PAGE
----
“Green grabbing builds on well-known histories of colonial and neo-colonial resource alienation in the name of the environment – whether for parks, forest reserves or to halt assumed destructive local practices. Yet it involves novel forms of valuation, commodification and markets for pieces and aspects of nature, and an extraordinary new range of actors and alliances. Pension funds and venture capitalists, commodity traders and consultants, GIS service providers and business entrepreneurs, ecotourism companies and the military, green activists and anxious consumers among others find once-unlikely common interests. ”

The right kind of investment
The Financial Times reports that foreign investment is not always a good thing, especially when it involves agricultural land, as was the case in Africa when global food prices soared in 2008:

“Experts say that, ultimately, many of the plans of 2008-09 failed to materialise as the food crisis abated and investors became more aware of the political risks and huge logistic difficulties. But as populations grow and consumption habits change, the trend of foreign investor interest in Africa’s soils is expected to continue.”

Multilateral blues
In the wake of the G20’s latest summit in Mexico and as the UN’s Rio+20 conference kicks off, Foreign Policy’s David Rothkopf discusses what the recent “depressing panoply of multilateral misfires” will mean for the future of global governance:

“What we are seeing today is the kind of failure of leadership likely to produce consequences so disturbing that ultimately they will help move us past the multilateral rhetoric of idealists to the urgency that comes of clear-eyed realism about what works, what doesn’t, and what we really need.  Multilateralism will ultimately flourish not because it is more equitable but because we cannot solve global problems without it. Today’s leaders — through their inaction and missteps — may inadvertently be doing more to ensure cooperation among their successors than they did when they actually seemed to care about such issues earlier in their careers.”

Latest Developments, June 14

In the latest news and analysis…

US bases in Africa
The Washington Post reports on America’s growing network of military bases in Africa:

“About a dozen air bases have been established in Africa since 2007, according to a former senior U.S. commander involved in setting up the network. Most are small operations run out of secluded hangars at African military bases or civilian airports.

The operations have intensified in recent months, part of a growing shadow war against al-Qaeda affiliates and other militant groups. The surveillance is overseen by U.S. Special Operations forces but relies heavily on private military contractors and support from African troops.”

Enemy’s enemy
Sahel Blog’s Alex Thurston points to a common feature among many of the African countries where the US has established military bases:

“In my view having bases in a country involves the US in (or exposes the US to, if you prefer) local politics, one way or another. US military involvement in local politics, including in Africa, is nothing new. But it is worth pointing out, time and again, that most of the key partner countries for the military in Africa are run by presidents/prime-ministers-for-life: Ethiopia’s Meles Zenawi (in power since 1995), Burkina Faso’s Blaise Compaore (in power since 1987), Uganda’s Yoweri Museveni (in power since 1986), Djibouti’s Ismael Omar Guellah (in power since 1999), etc. The contradictions between such partnerships and stated US ideals of democracy promotion are now so familiar as to be hardly worth mentioning. A more pragmatic point may be that the stability won through decades of rule by one person or clique can often prove quite brittle when put to the test.”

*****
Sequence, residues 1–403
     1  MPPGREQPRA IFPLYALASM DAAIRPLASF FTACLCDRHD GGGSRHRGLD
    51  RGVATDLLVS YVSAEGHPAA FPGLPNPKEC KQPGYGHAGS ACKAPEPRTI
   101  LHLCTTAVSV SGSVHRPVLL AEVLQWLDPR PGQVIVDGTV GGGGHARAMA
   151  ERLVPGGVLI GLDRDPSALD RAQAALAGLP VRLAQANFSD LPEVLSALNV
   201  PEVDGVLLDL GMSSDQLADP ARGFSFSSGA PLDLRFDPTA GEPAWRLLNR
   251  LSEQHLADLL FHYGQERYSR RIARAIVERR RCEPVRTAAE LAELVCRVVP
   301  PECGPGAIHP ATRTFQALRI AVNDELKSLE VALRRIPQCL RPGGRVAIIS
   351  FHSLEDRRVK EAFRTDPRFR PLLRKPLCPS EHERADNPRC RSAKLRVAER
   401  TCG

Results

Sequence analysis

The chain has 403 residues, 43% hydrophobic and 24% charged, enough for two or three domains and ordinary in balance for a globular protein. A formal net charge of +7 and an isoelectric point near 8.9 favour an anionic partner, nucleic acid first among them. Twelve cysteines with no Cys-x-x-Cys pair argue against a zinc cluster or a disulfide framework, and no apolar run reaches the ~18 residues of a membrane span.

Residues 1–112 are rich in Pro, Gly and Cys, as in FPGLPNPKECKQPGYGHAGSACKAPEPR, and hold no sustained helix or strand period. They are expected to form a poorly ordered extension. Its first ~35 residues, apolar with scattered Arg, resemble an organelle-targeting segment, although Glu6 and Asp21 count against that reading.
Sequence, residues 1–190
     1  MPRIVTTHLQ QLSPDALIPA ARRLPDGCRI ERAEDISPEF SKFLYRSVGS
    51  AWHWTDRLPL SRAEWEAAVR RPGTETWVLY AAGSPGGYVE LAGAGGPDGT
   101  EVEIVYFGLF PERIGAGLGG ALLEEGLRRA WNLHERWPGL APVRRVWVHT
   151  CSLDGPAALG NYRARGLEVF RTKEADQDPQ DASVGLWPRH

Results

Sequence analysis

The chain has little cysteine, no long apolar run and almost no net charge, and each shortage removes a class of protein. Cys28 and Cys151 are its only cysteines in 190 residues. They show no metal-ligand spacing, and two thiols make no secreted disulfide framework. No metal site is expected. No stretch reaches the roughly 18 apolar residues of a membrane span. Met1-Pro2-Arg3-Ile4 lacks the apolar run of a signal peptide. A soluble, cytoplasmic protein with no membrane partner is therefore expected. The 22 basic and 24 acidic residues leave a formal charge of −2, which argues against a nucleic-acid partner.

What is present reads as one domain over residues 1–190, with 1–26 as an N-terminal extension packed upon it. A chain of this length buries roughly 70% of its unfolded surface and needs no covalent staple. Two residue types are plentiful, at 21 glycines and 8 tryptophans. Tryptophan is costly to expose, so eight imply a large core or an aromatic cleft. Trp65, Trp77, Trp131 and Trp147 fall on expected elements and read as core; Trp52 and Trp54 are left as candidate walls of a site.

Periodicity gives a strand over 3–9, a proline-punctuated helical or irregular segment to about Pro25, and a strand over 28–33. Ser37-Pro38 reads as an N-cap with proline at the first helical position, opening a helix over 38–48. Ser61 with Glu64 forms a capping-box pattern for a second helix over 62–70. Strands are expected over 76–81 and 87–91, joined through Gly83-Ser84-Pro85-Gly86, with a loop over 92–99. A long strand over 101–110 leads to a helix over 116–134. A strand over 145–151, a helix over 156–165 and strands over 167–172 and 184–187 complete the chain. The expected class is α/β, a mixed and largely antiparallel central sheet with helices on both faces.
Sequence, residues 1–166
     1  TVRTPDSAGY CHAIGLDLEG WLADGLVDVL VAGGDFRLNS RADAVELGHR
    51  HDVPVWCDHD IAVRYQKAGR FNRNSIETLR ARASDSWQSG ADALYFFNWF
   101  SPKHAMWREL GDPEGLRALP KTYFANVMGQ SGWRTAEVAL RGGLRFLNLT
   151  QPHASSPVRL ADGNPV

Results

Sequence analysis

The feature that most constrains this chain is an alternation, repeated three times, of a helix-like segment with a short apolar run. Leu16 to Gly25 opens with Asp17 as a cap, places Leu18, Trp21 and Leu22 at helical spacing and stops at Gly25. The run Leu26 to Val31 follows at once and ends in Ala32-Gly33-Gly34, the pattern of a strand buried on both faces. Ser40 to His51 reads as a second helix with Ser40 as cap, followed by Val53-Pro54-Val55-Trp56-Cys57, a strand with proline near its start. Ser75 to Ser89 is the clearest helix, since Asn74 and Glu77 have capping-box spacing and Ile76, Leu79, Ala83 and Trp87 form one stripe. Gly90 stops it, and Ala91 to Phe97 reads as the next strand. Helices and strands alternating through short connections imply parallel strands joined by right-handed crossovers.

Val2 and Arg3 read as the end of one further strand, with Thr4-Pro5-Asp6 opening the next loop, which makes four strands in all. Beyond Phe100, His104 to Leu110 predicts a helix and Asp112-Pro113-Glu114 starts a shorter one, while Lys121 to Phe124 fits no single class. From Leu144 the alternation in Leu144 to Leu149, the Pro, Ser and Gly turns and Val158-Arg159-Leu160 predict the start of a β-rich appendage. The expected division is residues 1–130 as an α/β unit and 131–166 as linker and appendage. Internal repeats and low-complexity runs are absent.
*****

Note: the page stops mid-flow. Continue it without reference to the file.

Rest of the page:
America’s Africa strategy
But in the foreword to the “U.S. Strategy Toward Sub-Saharan Africa,” US President Barack Obama stresses America’s unwavering commitment to African democracy, the strengthening of which is one of the “four pillars” laid out in the new document:

“Our message to those who would derail the democratic process is clear and unequivocal: the United States will not stand idly by when actors threaten legitimately elected governments or manipulate the fairness and integrity of democratic processes, and we will stand in steady partnership with those who are committed to the principles of equality, justice, and the rule of law.”

Selective memory
Vanderbilt University’s Peter James Hudson argues that the “story of achievement, progress and world-uniting vision” being presented by Citigroup as it marks its 200th anniversary does not fit with the role played in Haiti by the banking giant back when it was called the National City Bank of New York:

“In 1914, [National City’s Roger Leslie] Farnham, who once described the Haitian people as ‘nothing but grownup children,’ drafted a memorandum for William Jennings Bryan — then U.S. secretary of state — arguing for military intervention as a way of protecting American interests in Haiti. Sending troops, Farnham insisted, would not only stabilize the country, but be welcomed by most Haitians.

For National City, the occupation provided ideal conditions for business, offering the bank the authority to reorganize Haitian finances just as Vanderlip had envisioned in 1909. By 1922, National City had secured complete control of Banque Nationale and floated a $16 million loan refinancing Haiti’s internal and external debts. Amortization payments were effectively guaranteed from Haiti’s customs revenue, and the loan contract was backed up by the U.S. State Department.”